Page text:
|Object Name||Face Bow, Snow|
|Collection||Miscellaneous Articulators & Related Equipment|
|Object Category||15: Dental Materials, Tools & Equipment|
|Object Sub-category||Prosthodontics-Crown, Bridge & Dentures|
|Description||Facebow designed by George B. Snow and Abel De Witt Gritman, Buffalo, NY and patented July 25, 1899 (No. 629531). Facebow was designed for the location of the upper trial plate, relative to the temporomandibular articulations, so that it could be placed in the articulator in the same position relative to its joints, that it occupied in the mouth. No manufacturer's mark. Manufactured by Snow Dental Company.|
|Material||Metal and wax|
In 1899, George Snow and DeWitt Gritman were issued a landmark patent for the Gritman articulator and Snow facebow. The Gritman articulator was a fixed condylar guide instrument. The Snow facebow was the first device that related the maxilla anatomically to the condylar.
The Snow Facebow (on the Gritman Articulator). In the original patent, this device was referred to as only an “attachment” for an articulator, “whereby the proper location of the upper model in the articulator with respect to the pivotal point between the two sections may be defined.” The term, “facebow,” probably evolved from a statement by A.D. Gritman, who described the “implement devised by Prof. Snow. . .as a bow of metal (that) reaches around the face. . .”13 It first appeared in the literature in a description for its use by Gritman and Snow in the American Textbook of Prosthetic Dentistry (ed 2), 1900.14 (Reprinted from Snow, p 643.9)
The Appearance of the Traditional Facebow
It remained for George B. Snow of Buffalo, NY, in 1899, to make the vital breakthrough when he introduced the first instrument and technique for recording the anatomic relationship of the maxillae to the condylar axis and transferring this relationship to the articulator. To George B. Snow, therefore, belongs the credit for the development of the modern traditional facebow. Snow’s new innovations were: (1) the facebow fork for indexing the anatomic position of the maxilla to the condyles, and (2) the application of the “ala-tragus line” for establishing the orientation of the occlusal plane. Snow adopted the plane of orientation suggested by,I.N. Broomell (Fig 5). Broomell had originally described,it with reference to osseous structures (ie, the,center of the glenoid fossa to the anterior nasal spine). Snow used the term, “ala-tragus line,” adapting it to soft tissue structures for clinical application.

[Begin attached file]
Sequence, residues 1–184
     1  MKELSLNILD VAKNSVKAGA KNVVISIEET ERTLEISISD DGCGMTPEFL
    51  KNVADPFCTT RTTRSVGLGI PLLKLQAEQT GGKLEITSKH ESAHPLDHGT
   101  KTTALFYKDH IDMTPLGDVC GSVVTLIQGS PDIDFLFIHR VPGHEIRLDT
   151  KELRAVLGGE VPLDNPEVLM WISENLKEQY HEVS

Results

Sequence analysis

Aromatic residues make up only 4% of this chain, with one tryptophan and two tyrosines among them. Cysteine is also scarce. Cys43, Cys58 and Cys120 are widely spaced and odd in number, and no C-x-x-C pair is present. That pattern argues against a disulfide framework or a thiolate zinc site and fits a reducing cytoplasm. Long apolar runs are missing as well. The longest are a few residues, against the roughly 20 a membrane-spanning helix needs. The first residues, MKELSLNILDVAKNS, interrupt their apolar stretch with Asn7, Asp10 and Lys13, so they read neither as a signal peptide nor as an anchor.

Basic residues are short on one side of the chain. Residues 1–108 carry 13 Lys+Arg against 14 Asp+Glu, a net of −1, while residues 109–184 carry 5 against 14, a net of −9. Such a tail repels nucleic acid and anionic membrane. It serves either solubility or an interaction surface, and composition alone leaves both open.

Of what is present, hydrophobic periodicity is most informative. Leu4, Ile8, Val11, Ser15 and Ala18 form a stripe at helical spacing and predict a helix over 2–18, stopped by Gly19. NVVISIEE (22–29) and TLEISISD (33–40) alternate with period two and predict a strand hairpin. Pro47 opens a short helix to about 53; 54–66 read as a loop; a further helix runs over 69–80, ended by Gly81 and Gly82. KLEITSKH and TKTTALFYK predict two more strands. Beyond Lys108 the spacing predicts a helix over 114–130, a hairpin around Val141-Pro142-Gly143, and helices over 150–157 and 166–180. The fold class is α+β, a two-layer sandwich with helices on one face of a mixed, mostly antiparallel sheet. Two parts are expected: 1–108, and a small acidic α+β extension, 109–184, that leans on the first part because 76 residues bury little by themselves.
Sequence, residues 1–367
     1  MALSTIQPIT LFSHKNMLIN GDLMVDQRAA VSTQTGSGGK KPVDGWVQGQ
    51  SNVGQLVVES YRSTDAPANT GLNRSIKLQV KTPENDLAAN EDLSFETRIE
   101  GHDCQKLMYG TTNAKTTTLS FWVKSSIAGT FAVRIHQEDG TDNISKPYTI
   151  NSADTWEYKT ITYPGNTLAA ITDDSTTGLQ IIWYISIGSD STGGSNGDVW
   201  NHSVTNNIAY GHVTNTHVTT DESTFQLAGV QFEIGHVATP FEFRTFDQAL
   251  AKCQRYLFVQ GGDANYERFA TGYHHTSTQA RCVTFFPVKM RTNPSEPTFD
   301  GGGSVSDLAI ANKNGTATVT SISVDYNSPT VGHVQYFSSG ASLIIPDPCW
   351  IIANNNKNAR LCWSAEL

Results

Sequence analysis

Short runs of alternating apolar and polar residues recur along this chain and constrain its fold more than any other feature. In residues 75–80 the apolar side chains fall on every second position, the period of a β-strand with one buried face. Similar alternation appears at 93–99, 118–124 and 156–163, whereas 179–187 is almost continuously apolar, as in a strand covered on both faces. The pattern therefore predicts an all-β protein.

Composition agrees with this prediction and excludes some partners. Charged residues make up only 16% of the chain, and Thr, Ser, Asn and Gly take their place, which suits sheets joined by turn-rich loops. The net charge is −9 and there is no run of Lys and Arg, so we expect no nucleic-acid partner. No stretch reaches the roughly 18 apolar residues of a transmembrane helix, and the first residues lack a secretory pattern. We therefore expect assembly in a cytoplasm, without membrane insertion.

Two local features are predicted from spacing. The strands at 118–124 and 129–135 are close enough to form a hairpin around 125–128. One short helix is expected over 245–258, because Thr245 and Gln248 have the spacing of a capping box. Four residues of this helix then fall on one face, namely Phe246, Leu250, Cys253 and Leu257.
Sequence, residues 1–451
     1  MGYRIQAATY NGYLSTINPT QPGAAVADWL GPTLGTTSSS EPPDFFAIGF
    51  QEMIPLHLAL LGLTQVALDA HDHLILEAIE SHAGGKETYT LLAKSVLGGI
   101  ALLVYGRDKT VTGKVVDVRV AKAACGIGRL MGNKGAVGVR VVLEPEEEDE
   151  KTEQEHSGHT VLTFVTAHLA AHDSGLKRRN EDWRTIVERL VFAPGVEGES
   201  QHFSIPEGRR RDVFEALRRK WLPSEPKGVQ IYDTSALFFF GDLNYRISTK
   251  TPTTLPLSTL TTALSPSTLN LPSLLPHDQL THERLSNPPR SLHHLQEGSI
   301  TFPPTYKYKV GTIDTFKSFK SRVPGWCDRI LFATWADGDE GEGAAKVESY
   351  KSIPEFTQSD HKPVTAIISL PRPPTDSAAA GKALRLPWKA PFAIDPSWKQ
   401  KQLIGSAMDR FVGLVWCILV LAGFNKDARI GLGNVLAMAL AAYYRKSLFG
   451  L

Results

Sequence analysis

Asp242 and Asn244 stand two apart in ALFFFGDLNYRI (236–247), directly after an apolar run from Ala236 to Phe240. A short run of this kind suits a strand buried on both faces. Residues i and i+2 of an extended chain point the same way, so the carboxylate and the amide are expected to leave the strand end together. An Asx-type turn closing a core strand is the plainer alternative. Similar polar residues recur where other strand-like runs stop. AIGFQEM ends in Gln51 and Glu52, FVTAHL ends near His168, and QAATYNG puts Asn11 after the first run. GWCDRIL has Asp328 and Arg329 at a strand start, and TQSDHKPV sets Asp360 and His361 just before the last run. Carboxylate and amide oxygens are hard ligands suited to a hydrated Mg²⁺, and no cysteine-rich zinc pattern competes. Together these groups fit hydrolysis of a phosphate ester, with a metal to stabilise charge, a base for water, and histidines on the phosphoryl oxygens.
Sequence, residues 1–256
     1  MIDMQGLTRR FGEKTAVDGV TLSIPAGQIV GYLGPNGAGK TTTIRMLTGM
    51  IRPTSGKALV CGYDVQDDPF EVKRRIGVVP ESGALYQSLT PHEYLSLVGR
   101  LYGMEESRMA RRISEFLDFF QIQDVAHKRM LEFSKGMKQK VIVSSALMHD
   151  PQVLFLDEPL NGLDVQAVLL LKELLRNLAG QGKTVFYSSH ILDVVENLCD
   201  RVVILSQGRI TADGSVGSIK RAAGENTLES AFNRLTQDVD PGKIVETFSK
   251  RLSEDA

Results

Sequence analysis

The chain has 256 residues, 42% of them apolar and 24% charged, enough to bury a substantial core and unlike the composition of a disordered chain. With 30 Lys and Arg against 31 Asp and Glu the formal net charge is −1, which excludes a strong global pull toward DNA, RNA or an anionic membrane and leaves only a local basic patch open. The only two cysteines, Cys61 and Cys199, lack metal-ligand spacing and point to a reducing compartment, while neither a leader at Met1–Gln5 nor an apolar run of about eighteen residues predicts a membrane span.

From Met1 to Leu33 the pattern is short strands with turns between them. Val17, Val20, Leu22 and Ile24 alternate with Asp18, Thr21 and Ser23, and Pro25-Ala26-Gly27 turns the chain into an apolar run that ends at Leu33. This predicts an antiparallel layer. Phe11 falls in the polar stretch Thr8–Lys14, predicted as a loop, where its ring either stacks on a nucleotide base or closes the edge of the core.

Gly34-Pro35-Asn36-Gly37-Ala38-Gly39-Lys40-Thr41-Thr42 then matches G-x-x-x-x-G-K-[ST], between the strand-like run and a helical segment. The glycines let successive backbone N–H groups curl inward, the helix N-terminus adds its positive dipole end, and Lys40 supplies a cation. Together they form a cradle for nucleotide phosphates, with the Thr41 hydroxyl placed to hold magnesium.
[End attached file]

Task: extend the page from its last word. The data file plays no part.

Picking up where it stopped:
Edgar N. Starcke, DDS. "The History of Articulators: The Appearance and Early History of Facebows." Journal of Prosthodontics, Vol 9, No 3 (September), 2000: pp 161-165
U.S. Patent No.: No. 629531 (July 25, 1899)
U.S. Patent Document - Google Patents:
Biography of George Burwell Snow
Dental Digest, Vol. XXVIII (Jan-Dec, 1922), 420-21.
Snow, George Burwell
|Number of images||1.0|
|Dimensions||W-9.75 L-8 inches|
|Caption||Snow Face Bow|
|Made||United States: Snow Dental Company, Buffalo, NY|